A major school that became a basis for post-Qin religion is called Daoism. But it is said that Daoism wasn't thought of as a systematic school of philosophy and religion until the Han era. In the Han era, the Dao De Jing (道德經) and a secondary text called the Zhuangzi (莊子) were considered to be the main Taoist scripture. Dao De Jing means the Way of Virtue Scripture. It is said that a man named Laozi wrote the Dao De Jing. But historians debate about whether he wrote the text, when Laozi lived, and whether he was a real historical person. Most people place him as a contemporary of the philosopher Confucius. They say he lived around 450 or 600 BC. Others say that he lived about 380 BC. It is thought that Zhuangzi wrote Zhuangzi.
Legalism philosophy was the dominant political philosophy of Qin at the end of the Warring States Period. It was the only legal philosophy in the Qin Empire (221-206 BC) that was the first big empire in the region. Shang Yang who was a high official in the Qin court in 361 espoused this philosophy and made a lot of far-reaching reforms. This philosophy justified subservience to a strong emperor since people were said to be inherently selfish.
A major philosopher of this school and an imperial ruler of the Qin court was named Li Si. He taught that human nature was naturally selfish and that a strong imperial government with strict laws was needed for social order. Li Si's writings on politics and law and other texts of this school much influenced the political thinking in the Han Dynasty and later eras. The Neo-Confucian philosophy of the Song Dynasty was a mixture of Confucianism and Legalism, and dictated that people must fulfill the roles assigned to them by tradition, by birth, and by their rulers.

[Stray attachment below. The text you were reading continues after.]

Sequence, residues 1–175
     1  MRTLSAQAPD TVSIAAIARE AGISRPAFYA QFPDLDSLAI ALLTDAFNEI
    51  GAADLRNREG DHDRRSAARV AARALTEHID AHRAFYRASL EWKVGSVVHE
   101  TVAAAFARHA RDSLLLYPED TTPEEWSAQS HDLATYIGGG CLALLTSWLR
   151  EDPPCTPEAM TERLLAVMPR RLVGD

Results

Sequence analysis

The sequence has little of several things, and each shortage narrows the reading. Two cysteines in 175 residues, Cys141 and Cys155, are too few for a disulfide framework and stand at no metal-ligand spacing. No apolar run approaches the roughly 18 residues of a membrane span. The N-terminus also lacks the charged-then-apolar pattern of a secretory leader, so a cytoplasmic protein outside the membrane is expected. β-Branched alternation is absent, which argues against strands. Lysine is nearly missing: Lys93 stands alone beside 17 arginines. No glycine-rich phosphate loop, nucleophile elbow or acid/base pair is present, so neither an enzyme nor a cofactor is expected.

Mo Zi (470-391) and the Moist school was said to be popular before the Qin Empire era, but it was severely persecuted by the Qin rulers so not much is known about them or their literature. It is said that he believed that "everyone is equal before heaven" and that people should imitate heaven by engaging in practicing collective love. It is known that some of the scientific concepts of the Moist school were advanced for their time.
- Chinese Dynasties
- The Xia Dynasty
- The Shang Dynasty
- The Zhou Dynasty
- Spring and Autumn Period
- Warring States Period
- The Qin Dynasty
- The Han Dynasty
- Three Kingdoms
- The Jin Dynasty
- The Sui Dynasty
- The Tang Dynasty
- The Western Xia Dynasty
- The Song Dynasty
- The Yuan Dynasty
- The Ming Dynasty
- The Qing Dynasty
- The Kingdom of Dali